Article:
We have a tremendous number of talented people in this community who are passionate about Colorado Springs. We have a great network of volunteers for nonprofits. If you look at our assets — things unique to Colorado Springs: U.S. Air Force Academy, U.S. Olympic Committee, The Broadmoor, plus our natural assets, which are unparalleled … And we do have a positive business environment.

Leadership is relatively supportive — even though we can’t provide huge incentives, which I’m not an advocate of anyway. I think a company should want to move here for the right reasons: quality workforce, quality of life, supportive business climate, and a cohesive business environment with support available.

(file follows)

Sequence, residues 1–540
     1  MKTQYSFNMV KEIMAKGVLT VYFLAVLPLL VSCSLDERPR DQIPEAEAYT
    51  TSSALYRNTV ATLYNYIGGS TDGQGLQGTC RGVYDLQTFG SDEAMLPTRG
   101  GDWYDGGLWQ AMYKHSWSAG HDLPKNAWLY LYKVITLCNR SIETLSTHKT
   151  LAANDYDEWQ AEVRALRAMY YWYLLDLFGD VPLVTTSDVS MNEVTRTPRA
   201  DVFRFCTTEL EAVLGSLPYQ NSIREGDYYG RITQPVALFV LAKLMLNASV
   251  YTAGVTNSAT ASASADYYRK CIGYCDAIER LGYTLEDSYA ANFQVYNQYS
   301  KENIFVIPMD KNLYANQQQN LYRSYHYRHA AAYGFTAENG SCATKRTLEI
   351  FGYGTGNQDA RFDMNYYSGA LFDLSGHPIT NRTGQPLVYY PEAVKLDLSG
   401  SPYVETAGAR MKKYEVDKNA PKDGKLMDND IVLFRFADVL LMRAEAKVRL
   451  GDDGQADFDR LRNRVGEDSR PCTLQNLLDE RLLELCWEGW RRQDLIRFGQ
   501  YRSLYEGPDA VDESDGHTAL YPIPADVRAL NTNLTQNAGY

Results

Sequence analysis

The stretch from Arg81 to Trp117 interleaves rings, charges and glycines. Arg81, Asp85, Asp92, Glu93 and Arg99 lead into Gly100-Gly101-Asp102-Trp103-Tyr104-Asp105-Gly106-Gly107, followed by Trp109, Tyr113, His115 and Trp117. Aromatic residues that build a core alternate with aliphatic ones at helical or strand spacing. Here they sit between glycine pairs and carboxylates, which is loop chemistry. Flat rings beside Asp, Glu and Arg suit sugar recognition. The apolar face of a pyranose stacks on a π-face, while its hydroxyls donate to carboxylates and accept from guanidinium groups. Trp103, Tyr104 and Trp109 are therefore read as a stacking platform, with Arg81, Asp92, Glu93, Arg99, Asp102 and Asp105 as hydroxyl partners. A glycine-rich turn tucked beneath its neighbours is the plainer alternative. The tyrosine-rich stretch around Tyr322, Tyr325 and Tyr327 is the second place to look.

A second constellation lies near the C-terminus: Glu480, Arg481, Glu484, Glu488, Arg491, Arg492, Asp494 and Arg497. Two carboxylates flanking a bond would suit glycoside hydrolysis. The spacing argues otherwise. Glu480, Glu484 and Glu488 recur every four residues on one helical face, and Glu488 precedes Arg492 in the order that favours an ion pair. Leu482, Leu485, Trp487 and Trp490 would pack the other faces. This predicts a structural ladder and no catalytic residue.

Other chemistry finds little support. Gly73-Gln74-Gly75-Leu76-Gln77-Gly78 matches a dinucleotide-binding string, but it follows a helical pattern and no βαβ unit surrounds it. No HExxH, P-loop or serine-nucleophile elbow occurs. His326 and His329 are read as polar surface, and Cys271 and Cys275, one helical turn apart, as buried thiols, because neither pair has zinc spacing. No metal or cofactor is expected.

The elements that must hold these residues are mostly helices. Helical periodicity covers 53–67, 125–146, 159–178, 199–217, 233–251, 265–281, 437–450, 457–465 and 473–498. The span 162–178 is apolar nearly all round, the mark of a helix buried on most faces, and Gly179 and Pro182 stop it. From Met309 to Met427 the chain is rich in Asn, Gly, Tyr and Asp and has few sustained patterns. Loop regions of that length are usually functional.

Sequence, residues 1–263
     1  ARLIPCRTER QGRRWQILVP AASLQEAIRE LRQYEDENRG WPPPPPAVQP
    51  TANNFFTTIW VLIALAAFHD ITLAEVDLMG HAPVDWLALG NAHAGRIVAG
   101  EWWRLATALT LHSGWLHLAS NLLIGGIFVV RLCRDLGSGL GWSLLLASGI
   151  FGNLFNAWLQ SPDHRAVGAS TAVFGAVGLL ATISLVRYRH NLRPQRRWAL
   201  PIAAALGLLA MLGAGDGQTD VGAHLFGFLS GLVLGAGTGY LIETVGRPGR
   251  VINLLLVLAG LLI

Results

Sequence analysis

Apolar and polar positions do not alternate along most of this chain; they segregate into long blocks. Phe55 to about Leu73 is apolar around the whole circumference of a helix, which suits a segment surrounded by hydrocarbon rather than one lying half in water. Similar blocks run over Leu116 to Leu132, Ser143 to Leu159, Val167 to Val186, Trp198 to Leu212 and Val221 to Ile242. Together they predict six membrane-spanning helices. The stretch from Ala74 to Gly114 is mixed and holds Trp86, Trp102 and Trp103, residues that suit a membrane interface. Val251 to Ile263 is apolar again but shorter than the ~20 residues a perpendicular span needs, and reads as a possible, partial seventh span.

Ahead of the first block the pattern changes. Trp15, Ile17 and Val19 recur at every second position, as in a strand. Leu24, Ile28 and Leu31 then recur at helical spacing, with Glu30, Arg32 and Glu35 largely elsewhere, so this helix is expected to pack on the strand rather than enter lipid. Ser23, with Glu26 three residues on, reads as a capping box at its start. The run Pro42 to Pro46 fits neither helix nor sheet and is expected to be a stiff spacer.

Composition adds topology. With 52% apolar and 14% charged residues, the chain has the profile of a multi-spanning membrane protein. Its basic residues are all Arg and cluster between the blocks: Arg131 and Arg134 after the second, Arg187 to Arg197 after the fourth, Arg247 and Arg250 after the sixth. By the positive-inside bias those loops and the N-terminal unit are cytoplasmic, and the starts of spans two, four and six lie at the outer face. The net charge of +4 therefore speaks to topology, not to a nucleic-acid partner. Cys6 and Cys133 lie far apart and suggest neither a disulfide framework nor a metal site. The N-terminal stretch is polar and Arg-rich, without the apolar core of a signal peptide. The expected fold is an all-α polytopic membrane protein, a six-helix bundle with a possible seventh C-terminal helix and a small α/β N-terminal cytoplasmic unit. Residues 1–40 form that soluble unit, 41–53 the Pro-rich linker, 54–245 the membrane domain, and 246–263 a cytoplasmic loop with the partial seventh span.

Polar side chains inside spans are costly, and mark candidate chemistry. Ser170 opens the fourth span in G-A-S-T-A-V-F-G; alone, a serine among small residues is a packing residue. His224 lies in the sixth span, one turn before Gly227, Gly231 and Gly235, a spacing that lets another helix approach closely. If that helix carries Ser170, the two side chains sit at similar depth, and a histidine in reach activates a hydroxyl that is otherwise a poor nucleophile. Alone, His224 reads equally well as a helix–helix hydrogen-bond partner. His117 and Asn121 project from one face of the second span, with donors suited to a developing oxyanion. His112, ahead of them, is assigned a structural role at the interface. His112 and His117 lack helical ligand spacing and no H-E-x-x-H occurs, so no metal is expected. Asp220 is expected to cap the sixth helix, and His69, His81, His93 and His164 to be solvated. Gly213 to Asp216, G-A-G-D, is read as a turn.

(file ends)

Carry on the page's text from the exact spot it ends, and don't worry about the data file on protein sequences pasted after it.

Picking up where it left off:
The county is supportive of business; certainly the mayor’s office is supportive of business.

 

Is it a priority to find out why some companies were interested in moving to Colorado Springs yet decided to go elsewhere?

Yes, as much as possible, we like to find out why companies don’t move here. That feedback does shape some of our initiatives and strategy. But our No. 1 goal in terms of business development is supporting and growing the businesses that are already here.

It’s easier to grow what you already have than to recruit from outside the area. In order to grow the economy, the most benefit [comes from] creating the right environment to assist them in growth.

 

What do you want people to know about the Business Alliance?